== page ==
Finding Or Making Light

I took delivery on a hammock chair after having my inner covetousness activated by seeing it in action (and yoinking it from Kimi for a bit) and instead of leaving it in the box for a year like I might have not too long ago, I unpacked the thing and took it on a test drive in my front yard.

I loooooooooove it, though I will admit, it’s a bit of a trial to get in and out of the bag and set up – not like those easy camping chairs that you can practically toss in the air and expect to land in a usable position BUT the whole “swinging in a hammock chair in the evening sun” thing makes it well worth it. Here’s the little vignette I set up out there.

Something about rust and teal makes me ridiculously happy. I don’t know why.

I sit out here often now with my iPad and a podcast in my ears, and it is exactly what I wished for myself in July of 2020 when I first moved here. I couldn’t quite get myself to do much more than stoop sit for a couple of years there but that’s shifted, like so many things have shifted, and I’m grateful.

I went live on YouTube yesterday and talked a bit about the struggle of getting any kind of traction on that platform. I think the fact that I talk openly about mental health, trauma, and other things that the YouTube gods have deemed “controversial topics” means I’m being throttled. My subscribers report that I *never* pop up in their “recommended for you feed” and despite hitting the bell to get notified when I go live, that never happens either.

I’ve done over 40 lives on YouTube and my subscriber count hasn’t budged. I’m lucky to get twenty people in there – twenty!

So, I give up. I’m going to move the lives to Facebook because that’s where my peoples are AND the test live I did yesterday got more views and comments than anything I’ve ever done on the YouTubes.

It was a good try, though. I’m not counting it as a failure, though I admit I did have a moment when I wondered “Is it me? Am I boring? Am I not worth showing up for?” and then I recognized that for what it was – bullshit.

Anyway, here’s what I made during the live.

The blackout poem I created:

The first time I had ever seen big water
the strength of lace
bobbins and threads trailing
old women
with full open heart(s)

a sudden Holy Spirit. 

The book I’m using for this project I started in March of 2020 and abandoned is “Untie The Strong Woman” by Clarissa Pinkola Estes. If you’re going to work with blackout poetry, starting with beautiful prose sure does help!

The next poem I’ll be painting to (on the right hand facing page) feels so poignant to me…

I ran laughing.
I ran more – laughing, laughing
laughing as though crazy drunk.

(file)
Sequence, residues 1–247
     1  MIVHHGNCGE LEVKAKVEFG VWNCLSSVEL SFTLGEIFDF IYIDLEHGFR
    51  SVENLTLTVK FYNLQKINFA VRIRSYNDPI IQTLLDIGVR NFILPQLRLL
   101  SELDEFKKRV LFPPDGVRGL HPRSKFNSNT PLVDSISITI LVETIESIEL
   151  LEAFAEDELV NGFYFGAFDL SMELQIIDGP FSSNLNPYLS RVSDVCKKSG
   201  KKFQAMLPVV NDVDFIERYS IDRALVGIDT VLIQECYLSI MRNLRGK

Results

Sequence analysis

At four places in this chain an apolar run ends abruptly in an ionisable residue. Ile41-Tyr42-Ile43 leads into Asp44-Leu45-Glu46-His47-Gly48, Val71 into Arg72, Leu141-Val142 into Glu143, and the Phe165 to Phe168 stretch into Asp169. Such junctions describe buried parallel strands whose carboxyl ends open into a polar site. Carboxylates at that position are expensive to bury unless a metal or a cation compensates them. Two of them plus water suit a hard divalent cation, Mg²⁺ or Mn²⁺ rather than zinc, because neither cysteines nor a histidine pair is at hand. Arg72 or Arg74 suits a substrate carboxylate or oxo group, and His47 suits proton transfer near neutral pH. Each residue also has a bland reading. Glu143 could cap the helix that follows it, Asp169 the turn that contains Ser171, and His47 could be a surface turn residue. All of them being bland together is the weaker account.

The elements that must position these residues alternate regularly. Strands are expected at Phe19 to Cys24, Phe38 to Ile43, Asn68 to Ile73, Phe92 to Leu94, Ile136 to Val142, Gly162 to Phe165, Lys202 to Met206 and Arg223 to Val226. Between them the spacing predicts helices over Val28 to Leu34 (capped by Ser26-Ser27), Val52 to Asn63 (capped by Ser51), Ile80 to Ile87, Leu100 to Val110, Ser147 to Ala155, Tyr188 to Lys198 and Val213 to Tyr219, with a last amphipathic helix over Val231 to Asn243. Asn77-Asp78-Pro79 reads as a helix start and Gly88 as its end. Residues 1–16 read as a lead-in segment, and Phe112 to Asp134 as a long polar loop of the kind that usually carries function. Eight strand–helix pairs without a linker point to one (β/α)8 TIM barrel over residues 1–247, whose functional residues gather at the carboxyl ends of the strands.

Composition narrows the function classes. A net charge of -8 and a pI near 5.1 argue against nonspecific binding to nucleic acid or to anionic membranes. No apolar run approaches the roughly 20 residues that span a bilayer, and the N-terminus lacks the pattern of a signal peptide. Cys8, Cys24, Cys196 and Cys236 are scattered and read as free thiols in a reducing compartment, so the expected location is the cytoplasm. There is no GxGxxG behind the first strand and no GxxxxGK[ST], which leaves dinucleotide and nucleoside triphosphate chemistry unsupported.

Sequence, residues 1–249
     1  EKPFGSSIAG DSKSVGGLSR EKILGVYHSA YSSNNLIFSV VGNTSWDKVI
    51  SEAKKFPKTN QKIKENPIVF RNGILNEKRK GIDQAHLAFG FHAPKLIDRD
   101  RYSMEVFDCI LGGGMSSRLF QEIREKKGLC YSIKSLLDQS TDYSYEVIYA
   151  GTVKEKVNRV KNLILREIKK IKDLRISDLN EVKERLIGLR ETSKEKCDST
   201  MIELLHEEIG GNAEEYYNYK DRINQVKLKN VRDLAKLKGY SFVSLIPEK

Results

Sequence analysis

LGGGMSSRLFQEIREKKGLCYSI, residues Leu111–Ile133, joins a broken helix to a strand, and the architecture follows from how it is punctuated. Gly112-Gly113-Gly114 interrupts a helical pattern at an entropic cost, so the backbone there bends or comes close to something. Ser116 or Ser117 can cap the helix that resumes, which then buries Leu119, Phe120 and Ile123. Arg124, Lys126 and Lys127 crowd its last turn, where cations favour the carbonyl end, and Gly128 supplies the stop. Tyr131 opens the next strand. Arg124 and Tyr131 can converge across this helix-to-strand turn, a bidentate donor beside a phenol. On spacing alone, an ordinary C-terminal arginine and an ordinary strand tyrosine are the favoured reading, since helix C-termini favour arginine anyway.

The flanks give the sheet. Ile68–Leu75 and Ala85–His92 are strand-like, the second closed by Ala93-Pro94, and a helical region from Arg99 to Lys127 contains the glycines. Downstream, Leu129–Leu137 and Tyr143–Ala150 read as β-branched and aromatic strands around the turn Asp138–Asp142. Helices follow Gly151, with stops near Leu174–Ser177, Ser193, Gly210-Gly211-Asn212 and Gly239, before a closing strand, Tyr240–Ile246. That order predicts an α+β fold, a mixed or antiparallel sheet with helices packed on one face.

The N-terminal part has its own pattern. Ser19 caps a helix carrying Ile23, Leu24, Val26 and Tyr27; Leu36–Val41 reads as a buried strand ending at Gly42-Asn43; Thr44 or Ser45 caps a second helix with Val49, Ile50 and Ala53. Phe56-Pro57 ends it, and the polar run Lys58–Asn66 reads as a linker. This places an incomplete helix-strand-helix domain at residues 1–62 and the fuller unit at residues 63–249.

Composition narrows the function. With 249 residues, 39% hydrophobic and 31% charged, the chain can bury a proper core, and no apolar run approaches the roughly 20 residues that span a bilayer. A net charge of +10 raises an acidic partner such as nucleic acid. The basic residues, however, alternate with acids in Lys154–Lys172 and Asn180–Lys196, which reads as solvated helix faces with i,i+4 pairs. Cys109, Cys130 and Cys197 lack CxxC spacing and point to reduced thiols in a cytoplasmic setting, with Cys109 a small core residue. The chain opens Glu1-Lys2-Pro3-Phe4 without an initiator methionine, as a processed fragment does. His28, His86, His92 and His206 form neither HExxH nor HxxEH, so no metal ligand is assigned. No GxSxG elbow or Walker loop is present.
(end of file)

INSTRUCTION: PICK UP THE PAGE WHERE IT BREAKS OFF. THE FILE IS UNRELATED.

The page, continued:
For punishment they
set me down hard
in the dark
by myself.

Oof, right?

It conjured memories of the way I was “grounded” in childhood for the tiniest infraction – months in my room, forced to eat in the bathroom so I wouldn’t get food on the bedding, plate perched on the toilet seat while I sat on the floor, my siblings forbidden from speaking to me but taunting me anyway, my parents faces, stony, cold.


This morning as I sip my coffee and slay the list, I know this to be true:

No one will ever set me down hard in the dark by myself again. I am and will forever be in the business of finding or making light.



Did I Mention Gold Leaf?

I wrote a poem and someone commented “Somewhere out there, Mary Oliver is smiling…” and that made me cry because she is my matron saint and so much a part of my literary and spiritual lineage. I felt so seen.

Someone who used to make me really uncomfortable and doubt myself and feel like I didn’t belong now has the exact opposite effect on me and I am shocked by the amount of tenderness I feel towards his curmudgeonliness now that I see it for what it is. He makes fun of me, because banter is his way of saying “You’re okay, kid”, and while he is in no way old enough to be my father, I have taken to thinking of him as one of my “Clay Daddies”.

Don’t tell him, though. He’d *HATE* it (while maybe secretly liking it?).

I am drinking coffee in my first hand warmer mug and feeling smug because I’ve got about eight more in progress. Harvestfest folks! I’M COMING FOR YOU!

I’m painting a thing for new moon in gemini that feels so good to paint. I’ve dropped down out of my head and into my body with this one and that is delicious. Also GOLD LEAF.

There is a steak the size of my head waiting for me to cook for dinner.

Walking down Central Ave is so weird now because someone I just met recently grew up on this street, and we had no way of knowing that, and it was such a surprise to feel how small the world is and how the universe conspires to put us in the way of beauty, and somehow, knowing that has anchored me here and made it feel even more like home.

The fact that the pottery studio is walking distance from my little nest feels like a Godswink and I am paying attention.

Did I mention Gold Leaf?

I’m writing again.

Your turn.
P.S. Speaking of Clay Daddies, this is another one. Watching him throw is like watching witchcraft in action.
P.S. The poem in question:

Not An Ode 

I once found
a bee on the
front step
all curled up
like the number nine,

like a question mark
or an ending,

dead at first glance
but upon closer inspection
(because I notice these things)
I saw Its wings shiver,
and its legs pump in the air.

You would have
stomped it without
a thought,
swept it off the step
like it was nothing

but I made a bee line
into the house to
sprinkle sugar
and drip water
on a spoon.

I tucked the rim of it
and all my hope
up under its

that is who I am.

is who I am.

If I do nothing else
of value in my life,
I’ll have done that.

P.S. The bee lived,
and so did I.

©E.B. Wild